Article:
7. Rethink the financing and implementation of humanitarian aid.
National instability and food insecurity are closely intertwined, as unfolding crises swell the numbers of migrants and other vulnerable groups globally. In response to recent developments in the number of parallel crises and migrants worldwide, the food security community must now fully integrate humanitarian assistance and crisis management into its strategies and secure new sources of support for humanitarian aid. A strong call is needed for the creation of new systems for providing relief, and the public and private sectors should aim to secure new sources of support for humanitarian aid while also investing in transforming agriculture, building supply chains, and developing commodity markets.
Fully integrate humanitarian assistance and crisis management into national strategic planning, as a matter of national and economic security.
To reframe food security approaches post-Arab Spring, in an environment where food prices have come down—but still remain above 2006 levels—the imperative of food security as a national and economic security lever must be emphasized. The scale of the global humanitarian crisis today is directly relevant to economic and political volatility, as so many people in so many varying contexts are driven away from their homes by conflict and climate change. Gaps in the global food system must be bridged, as both a matter of economic growth and political stability, given governments’ responsibility to feed those vulnerable populations that cannot feed themselves.
In response to recent developments in the number of parallel crises and migrants worldwide, the food security community must now fully integrate humanitarian assistance and crisis management into national strategic planning. As a long term approach to food security under the new norm of volatility, investment should be made into establishing new systems for providing relief, transforming agriculture, building supply chains, and developing commodity markets.
Humanitarian approaches should be considered in tandem with issues of nutrition, welfare and social services, and cross-sector partnerships established that can provide additional to support for developing effective humanitarian aid mechanisms.
Secure ongoing funding for international humanitarian assistance.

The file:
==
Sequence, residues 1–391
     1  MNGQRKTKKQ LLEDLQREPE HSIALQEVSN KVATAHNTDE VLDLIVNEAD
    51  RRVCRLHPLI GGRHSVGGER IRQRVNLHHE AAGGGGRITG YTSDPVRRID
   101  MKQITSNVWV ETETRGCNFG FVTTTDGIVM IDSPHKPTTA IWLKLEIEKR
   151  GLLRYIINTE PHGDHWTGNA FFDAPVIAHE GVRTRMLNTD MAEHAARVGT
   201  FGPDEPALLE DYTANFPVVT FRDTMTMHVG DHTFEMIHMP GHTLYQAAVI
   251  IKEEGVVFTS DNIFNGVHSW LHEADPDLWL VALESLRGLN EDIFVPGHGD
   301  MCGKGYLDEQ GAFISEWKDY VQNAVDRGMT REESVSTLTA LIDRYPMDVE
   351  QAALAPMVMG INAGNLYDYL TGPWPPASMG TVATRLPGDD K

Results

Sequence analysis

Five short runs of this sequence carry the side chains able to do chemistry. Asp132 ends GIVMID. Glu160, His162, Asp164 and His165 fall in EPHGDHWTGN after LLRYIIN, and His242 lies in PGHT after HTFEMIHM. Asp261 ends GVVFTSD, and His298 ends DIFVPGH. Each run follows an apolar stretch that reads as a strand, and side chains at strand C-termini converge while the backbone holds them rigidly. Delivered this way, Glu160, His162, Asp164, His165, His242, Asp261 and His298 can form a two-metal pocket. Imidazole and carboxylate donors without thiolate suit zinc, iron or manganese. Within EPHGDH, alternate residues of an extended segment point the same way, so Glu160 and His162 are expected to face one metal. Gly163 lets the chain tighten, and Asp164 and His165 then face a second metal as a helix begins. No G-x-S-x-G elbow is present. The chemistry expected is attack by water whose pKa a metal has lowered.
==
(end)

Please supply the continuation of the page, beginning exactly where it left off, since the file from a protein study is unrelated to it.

Historically, the food security response to global crises has been reactionary, basing funds on emergency appeals and voluntary contributions. This unsustainable architecture for long-term food security has resulted in declining support for an increasing need.
Therefore, the public and private sectors should aim to secure new sources of support for humanitarian aid by establishing new mechanisms for ensuring predictable funding.
Government contributions and donations from private sources (including foundations, corporations and individuals) have grown over the past few years in response to the rising demand. These international resources continue to play a critical role in supplementing the efforts of governments unable to fully meet the level of need of vulnerable populations.
A combination of public and private funds must continue to be established to enable this ongoing effort.
As the United Nations Refugee Agency (UNHCR) struggles to support the current humanitarian aid needs relating to ongoing refugee crises, with contributions from governments, corporations and individuals proving inadequate to meet the current level of need, new sources of income must be identified and commitments made to enable the ongoing relief work of the UN agencies, including the United Nations Development Programme (UNDP), the United Nations Refugee Agency (UNHCR), the United Nations Children's Fund (UNICEF), the World Food Programme (WFP), and the Food and Agriculture Organization of the United Nations (FAO).
Photo Credit: flickr@Al Jazeera English
Photo Credit: flickr@USAID